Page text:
"Are you going to see more MDLs in light of the AIA? Yes," said Yar Chaikovsky, a patent litigator at McDermott Will & Emery. "Once you have cases in three different venues, you have a pretty decent argument for an MDL."
It's not just plaintiffs using the process strategically, Chaikovsky said. For instance, turning to the MDL panel can be a "get out of jail free card," he said, for defendants looking for a way out of the Eastern District of Texas, famously viewed as an undesirable jurisdiction to fight patent suits.
But patent lawyers point out that petitioning for an MDL is also a gamble because the panel can send cases anywhere in the country, regardless of whether related cases are pending in that jurisdiction.
Meanwhile, in the Eastern District of Texas, Chief Judge Leonard Davis has crafted an approach to keep control of the district's mammoth patent docket in the wake of recent reforms.
He laid out his procedure in Norman IP Holdings v. Lexmark International, 11-495. His August order severed some defendants as required by the America Invents Act but consolidated the newly split cases for pretrial issues.
"It does not make sense for two courts to plow the same ground," Davis wrote.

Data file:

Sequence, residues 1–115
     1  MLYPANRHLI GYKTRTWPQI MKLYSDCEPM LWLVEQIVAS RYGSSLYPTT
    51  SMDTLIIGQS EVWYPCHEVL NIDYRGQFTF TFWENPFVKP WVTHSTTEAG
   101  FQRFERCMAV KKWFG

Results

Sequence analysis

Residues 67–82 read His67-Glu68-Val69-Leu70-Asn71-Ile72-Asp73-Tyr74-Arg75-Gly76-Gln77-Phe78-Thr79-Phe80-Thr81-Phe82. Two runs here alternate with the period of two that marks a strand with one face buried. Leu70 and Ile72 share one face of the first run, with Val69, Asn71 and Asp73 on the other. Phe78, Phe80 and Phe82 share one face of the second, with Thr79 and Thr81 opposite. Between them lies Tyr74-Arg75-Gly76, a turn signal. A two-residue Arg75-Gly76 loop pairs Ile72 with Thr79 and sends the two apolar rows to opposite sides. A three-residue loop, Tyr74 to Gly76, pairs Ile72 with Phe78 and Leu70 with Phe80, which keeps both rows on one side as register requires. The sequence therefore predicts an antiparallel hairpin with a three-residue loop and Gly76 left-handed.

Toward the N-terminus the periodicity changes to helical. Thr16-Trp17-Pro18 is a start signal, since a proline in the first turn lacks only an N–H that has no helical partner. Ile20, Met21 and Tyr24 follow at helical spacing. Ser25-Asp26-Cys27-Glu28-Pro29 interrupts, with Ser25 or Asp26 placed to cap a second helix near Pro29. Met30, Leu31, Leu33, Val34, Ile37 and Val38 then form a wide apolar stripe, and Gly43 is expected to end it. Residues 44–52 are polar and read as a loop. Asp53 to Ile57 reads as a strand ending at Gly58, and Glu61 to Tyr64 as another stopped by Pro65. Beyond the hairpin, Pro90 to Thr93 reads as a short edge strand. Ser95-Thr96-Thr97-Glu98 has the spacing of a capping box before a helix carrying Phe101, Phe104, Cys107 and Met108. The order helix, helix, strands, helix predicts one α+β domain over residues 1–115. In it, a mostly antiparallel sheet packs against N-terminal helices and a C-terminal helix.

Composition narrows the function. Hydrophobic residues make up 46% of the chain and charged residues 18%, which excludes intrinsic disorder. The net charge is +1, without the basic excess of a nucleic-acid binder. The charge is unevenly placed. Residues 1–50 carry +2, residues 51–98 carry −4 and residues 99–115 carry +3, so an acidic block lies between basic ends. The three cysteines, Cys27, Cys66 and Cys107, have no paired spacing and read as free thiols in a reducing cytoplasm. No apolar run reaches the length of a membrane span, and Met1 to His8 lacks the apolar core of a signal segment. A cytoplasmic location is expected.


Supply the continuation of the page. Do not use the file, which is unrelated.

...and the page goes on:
Davis said he would rule later on transfer motions and stay transfers until after the critical claim construction phase of the case when judges construe the terms of a patent.
"It's like a mini-MDL. It applies MDL principles to the AIA's requirement that all these cases be filed separately," said Matthew Powers of Tensegrity Law Group, a plaintiffs-side law firm. "I think it's clever."
Lawyers who defend clients against nonpracticing entities, or so-called patent trolls, in the Eastern District of Texas had a different take on the Norman IP ruling. One lawyer called the order from "King Judge Davis" "a scary thing" for defendants in patent cases.
It's conventional wisdom that patent lawsuits targeting numerous companies become unwieldy and difficult to defend. Meanwhile, it is cheaper and easier for plaintiffs to pursue litigation when a case is consolidated.